ARCHIVED - Appendix 4: Presentation by Peter Liang

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Presentation by Peter Liang

 

Morris J. Wosk Centre for Dialogue – Simon Fraser University
580 West Hastings Street – VANCOUVER
Asia Pacific Hall
November 24, 2008

I joined Statistics Canada in January 2006 to work on the Census. I soon realized the importance of being bilingual in both official languages in the public service. Being fluent in three languages already (English, Cantonese and Mandarin), I convinced myself that the addition of French would open up many more career opportunities for me, not least in the public service.

At that time, my position did not require me to be bilingual in English and French, and I did not think I would be eligible for the training courses offered by the Canada School of Public Service. Compared with many, I have a natural ease with languages, and I therefore decided to try to learn the language by myself.

My first step was to check out the audio-visual resources at the Vancouver Public Library. I took out a number of cassettes on French pronunciation. A friend of mine who had spent many years in Paris was very supportive and was always available whenever I had questions. I also took out a 500-page French grammar book and read it thoroughly. My knowledge of English grammar and of the various grammatical terminologies proved to be a great help in my understanding of French grammar. But the greatest resource I was able to find at the library was an online feature called “Press Display”—it enables users to access major newspapers from around the world, and not only read the articles, but also listen to them. I have found it an excellent way to enlarge my vocabulary and “train” my ears to French pronunciation and intonations at the same time. The interactive learning resources offered by Campusdirect5 were also very useful.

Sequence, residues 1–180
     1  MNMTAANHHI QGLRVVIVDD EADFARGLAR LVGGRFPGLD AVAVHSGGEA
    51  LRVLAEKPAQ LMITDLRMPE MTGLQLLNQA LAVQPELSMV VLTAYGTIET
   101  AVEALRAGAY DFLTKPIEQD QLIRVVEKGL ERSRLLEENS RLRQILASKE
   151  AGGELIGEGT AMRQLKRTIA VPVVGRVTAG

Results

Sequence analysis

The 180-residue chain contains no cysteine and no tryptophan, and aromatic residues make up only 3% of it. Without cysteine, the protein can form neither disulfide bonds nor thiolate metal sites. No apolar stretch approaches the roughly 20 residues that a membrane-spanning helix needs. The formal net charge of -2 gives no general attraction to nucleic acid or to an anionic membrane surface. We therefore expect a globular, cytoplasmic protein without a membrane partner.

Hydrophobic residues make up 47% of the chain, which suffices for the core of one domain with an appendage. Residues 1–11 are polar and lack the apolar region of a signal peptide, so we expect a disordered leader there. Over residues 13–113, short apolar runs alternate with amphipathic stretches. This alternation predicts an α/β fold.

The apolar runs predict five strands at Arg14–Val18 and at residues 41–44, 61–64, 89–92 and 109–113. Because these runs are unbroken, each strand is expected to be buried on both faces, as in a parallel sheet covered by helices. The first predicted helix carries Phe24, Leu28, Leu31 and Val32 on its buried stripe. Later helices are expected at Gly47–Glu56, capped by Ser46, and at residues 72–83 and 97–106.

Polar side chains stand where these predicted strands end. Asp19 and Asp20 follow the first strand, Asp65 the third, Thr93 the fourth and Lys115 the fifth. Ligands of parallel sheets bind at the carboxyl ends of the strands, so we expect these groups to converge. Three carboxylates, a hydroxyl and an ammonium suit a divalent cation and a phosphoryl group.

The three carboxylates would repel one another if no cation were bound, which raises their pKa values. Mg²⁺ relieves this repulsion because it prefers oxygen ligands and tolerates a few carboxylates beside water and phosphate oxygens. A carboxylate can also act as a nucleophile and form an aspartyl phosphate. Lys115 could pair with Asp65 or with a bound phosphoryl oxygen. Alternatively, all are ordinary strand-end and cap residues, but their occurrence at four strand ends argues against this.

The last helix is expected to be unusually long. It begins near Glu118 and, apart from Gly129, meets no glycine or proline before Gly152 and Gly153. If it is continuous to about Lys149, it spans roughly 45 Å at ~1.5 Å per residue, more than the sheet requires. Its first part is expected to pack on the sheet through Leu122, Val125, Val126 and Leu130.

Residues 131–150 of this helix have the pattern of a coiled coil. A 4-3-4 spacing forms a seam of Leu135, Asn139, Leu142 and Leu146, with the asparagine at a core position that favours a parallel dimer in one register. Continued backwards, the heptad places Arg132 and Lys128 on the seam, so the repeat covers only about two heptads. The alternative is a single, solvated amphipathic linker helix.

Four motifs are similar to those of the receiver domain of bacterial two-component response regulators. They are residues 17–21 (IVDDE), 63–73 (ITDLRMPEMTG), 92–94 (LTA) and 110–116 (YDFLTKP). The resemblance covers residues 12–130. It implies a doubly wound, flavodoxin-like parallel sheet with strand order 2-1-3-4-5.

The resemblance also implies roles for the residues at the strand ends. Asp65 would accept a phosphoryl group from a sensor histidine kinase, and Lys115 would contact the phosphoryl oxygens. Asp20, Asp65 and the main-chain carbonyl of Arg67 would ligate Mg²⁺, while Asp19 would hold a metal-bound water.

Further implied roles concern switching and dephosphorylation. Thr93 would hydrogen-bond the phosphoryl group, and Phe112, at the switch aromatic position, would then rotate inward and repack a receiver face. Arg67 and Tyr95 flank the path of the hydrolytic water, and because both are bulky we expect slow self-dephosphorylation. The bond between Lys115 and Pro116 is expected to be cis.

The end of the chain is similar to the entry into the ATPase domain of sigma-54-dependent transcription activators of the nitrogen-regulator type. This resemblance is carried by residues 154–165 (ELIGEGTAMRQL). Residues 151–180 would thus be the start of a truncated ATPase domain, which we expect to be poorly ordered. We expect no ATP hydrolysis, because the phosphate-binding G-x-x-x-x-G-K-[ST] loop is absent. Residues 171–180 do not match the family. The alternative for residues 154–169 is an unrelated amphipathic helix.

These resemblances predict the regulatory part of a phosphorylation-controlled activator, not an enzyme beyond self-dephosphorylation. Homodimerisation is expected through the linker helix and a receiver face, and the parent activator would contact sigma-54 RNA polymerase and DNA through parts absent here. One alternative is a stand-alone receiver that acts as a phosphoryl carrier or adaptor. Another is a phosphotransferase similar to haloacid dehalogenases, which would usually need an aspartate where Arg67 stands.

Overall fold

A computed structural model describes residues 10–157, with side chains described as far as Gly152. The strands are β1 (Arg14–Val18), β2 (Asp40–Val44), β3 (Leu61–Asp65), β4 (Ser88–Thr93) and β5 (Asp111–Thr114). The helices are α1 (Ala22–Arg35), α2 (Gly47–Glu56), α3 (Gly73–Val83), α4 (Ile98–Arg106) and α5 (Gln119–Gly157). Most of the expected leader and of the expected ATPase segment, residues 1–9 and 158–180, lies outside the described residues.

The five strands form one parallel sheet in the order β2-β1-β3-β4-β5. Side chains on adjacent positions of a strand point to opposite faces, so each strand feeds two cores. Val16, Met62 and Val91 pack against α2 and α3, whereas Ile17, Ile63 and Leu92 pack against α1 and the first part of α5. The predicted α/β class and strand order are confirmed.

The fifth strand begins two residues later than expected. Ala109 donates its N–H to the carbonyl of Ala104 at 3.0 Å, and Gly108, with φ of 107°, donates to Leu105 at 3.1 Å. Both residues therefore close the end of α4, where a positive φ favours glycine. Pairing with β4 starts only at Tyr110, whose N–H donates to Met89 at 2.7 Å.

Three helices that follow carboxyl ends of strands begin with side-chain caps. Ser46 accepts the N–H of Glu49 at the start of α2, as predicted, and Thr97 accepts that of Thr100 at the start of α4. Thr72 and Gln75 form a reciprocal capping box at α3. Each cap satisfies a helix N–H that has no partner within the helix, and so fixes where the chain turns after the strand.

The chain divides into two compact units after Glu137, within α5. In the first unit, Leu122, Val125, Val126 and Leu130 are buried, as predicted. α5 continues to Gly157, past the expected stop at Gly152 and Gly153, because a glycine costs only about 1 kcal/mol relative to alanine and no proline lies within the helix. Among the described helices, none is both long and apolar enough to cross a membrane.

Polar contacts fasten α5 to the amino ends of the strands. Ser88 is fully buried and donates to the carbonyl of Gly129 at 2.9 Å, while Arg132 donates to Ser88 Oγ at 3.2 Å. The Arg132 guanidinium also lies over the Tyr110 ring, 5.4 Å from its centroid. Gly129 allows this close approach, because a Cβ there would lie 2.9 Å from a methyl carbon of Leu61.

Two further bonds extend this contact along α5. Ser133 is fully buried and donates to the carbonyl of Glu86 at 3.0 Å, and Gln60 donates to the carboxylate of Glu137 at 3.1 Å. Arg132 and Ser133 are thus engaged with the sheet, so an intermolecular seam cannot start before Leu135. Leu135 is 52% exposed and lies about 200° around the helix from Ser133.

Learning French would become my number one priority and passion for the next two years. I spent hours a day reading French articles, watching French TV and listening to French radio programs. I also joined a number of French conversation clubs in Vancouver, where I have gained a lot of confidence in speaking the language. My efforts paid off—in early 2008, I successfully passed all three French exams of the Government of Canada.

Learning French has been a tremendously rewarding experience for me. I started off thinking that it would be great for my career, but I have gained so much more. Through this journey, which I will undoubtedly continue, I have come to discover and embrace another side of the Canadian identity and heritage. I am prouder than ever to say that I am a true Canadian.

Notes

5. Campusdirect is the Canada School of the Public Service’s online campus.



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